How did I become The Intrepid Tortilla Chef? The answer is out of necessity.
The family meal seems to be a lost daily occurrence, but I love to eat and even more so sit around the table with my loved ones recapping the events of the day. What I find torturous is the daily duty of coming up with nutritious yet quick and easy meals. This past Monday I was really struggling to figure out our dinner plan. It didn’t help that our cupboard was almost empty and that I had zero desire to go to the supermarket. But then, when I was just about to throw in the towel and call it a ‘Pizza Night’, my culinary muse finally spoke to me! That was the moment when I became the Intrepid Tortilla Chef. It had been a while since we’d prepared tortillas at home, and I actually had all of the ingredients necessary to make them from scratch. Upon examining the cupboard I also discovered that I had 3 cans of organic beans which we decided to use to make black bean soup.
Making tortillas is a lot of fun! L loves mixing up the ingredients with his little hands and feeling the dough squish between his fingers. He laughs at the “farty” sounds that the dough makes when he’s working with it, and while I discourage that type of “bathroom” humor, I have to admit that it is pretty funny. When the masa finally reaches the consistency of Play-Doh, he rolls the masa into golf sized ball and then loads them into the tortilla press.
If you’ve never used a tortilla press, let me tell you that there’s something very satisfying about flattening dough balls in a press. It’s much like the satisfaction you get from walking over crispy fall leaves. We followed the recipe on the Maseca bag, but also added some grated Parmesan as well as a little cayenne pepper.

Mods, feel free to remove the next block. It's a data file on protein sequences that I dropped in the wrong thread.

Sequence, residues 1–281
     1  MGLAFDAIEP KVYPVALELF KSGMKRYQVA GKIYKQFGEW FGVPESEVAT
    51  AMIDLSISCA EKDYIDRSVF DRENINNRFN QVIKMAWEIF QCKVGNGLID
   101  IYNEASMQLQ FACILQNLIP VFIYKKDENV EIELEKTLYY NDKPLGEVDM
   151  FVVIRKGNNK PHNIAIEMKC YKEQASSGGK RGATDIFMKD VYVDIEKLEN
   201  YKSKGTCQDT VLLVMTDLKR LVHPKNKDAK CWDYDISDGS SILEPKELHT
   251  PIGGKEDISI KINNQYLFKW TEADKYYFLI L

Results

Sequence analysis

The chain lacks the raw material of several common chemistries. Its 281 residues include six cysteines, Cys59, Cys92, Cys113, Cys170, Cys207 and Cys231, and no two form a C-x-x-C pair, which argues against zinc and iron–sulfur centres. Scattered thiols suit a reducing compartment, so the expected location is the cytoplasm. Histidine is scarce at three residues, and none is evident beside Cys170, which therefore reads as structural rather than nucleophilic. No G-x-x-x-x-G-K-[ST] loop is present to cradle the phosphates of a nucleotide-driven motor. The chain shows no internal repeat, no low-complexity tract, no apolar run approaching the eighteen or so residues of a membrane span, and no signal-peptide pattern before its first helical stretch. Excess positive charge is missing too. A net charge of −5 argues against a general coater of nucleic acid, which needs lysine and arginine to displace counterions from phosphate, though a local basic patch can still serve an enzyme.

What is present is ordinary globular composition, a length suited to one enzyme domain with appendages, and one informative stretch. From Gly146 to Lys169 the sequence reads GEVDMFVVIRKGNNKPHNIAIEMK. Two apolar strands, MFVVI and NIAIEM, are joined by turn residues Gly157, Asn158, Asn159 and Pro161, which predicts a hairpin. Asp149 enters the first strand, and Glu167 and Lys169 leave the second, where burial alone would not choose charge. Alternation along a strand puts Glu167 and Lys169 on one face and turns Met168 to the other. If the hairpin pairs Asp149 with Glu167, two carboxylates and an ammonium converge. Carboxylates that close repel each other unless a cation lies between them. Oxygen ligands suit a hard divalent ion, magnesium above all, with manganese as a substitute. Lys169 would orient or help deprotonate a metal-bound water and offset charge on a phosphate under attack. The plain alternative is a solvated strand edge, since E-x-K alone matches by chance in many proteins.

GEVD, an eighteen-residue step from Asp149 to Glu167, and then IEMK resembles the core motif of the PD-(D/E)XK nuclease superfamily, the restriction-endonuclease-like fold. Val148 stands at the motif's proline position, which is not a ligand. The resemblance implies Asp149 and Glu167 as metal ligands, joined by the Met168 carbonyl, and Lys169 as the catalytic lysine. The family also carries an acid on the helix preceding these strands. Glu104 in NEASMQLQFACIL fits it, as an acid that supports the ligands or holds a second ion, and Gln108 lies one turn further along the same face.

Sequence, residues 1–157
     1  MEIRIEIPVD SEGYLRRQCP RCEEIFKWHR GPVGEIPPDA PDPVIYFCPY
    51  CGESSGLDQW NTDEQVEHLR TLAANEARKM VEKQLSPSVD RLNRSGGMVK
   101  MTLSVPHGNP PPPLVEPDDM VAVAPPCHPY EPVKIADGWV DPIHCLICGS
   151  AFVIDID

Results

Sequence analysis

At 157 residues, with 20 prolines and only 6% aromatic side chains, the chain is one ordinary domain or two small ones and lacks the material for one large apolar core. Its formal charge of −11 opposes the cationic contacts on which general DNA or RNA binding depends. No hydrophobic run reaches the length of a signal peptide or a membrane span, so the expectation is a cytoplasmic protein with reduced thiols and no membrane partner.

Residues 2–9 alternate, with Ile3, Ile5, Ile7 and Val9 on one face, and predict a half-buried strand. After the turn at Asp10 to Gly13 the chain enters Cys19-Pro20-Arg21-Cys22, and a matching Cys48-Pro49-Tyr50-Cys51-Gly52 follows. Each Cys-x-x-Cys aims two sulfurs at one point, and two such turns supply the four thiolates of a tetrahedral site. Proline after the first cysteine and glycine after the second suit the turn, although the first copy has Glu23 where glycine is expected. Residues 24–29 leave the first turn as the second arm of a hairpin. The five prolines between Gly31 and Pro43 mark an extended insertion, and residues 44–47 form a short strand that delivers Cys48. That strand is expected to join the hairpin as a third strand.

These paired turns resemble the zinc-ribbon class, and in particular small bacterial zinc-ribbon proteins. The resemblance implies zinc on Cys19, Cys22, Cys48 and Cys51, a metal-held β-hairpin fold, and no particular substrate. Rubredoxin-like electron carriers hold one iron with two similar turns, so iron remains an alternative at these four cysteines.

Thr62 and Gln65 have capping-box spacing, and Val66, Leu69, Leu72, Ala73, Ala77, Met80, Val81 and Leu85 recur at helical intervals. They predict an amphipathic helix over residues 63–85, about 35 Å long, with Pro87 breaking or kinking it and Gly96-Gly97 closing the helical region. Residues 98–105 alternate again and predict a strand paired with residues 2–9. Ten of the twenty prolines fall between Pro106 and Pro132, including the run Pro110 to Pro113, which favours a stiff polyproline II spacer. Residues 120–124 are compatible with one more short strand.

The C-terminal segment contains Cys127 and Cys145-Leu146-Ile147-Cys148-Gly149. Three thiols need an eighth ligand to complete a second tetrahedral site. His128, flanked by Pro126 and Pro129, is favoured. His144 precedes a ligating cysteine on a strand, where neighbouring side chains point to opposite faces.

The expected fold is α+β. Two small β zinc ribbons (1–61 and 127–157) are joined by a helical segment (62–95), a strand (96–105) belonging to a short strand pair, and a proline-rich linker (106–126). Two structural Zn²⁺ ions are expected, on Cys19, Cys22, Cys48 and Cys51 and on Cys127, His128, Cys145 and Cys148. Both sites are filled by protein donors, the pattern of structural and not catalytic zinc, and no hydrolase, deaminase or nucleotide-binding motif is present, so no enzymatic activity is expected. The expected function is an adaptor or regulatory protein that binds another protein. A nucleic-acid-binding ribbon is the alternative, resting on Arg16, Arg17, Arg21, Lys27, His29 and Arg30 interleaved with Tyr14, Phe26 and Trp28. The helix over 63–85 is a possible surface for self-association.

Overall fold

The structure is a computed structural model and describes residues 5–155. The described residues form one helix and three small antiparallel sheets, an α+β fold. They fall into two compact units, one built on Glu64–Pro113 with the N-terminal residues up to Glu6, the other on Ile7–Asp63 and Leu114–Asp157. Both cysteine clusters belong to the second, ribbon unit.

For the soup I had L chop up 3 carrots and 3 celery ribs while I chopped up an onion and three tomatoes. I pan-fried the onions, carrots and celery until the onion was clear and then added the tomatoes as well as 2 garlic cloves and 2 tablespoons of tomato paste. We cooked that for a couple of minutes and then divided it in to two batches and put it in the blender along with half of the beans and half of the chicken stock (we used 4 cups of stock total), then transferred it to a pot to simmer for about 45 minutes to an hour. We repeated the process with the remaining ingredients and added that to the soup pot as well. We added a generous amount of cumin as well as some smoked paprika and salt and pepper to taste. In the end we had 18 tortillas and a big pot of black bean soup which we served with sour cream, cilantro and avocado.
I try to involve L in the kitchen as much as possible. This usually means that things will take longer, there will be a bigger mess to clean up and that it may not turn out exactly right but the benefits are worth it. Cooking experiences build children’s knowledge and skills in science, math, and reading in a fun and meaningful way. They learn about measurements (teaspoons, tablespoons, and fractions of a cup) as well as following the sequences required for the recipe. And while they’re having fun kneading the dough, stirring or pouring, they are also developing hand-muscle as well as hand-eye coordination and fine motor skills(peeling, cutting etc…). This is also a good time to talk about proper nutrition and about making healthy food choices. It is through these conversations and experiences that I am helping my son to develop a lifetime of healthy habits.
Last but not least, cooking is a great social activity. It requires communication and cooperation (team work), turn-taking and so much more. And what could be more social than sitting down to share a family meal you’ve worked together to create.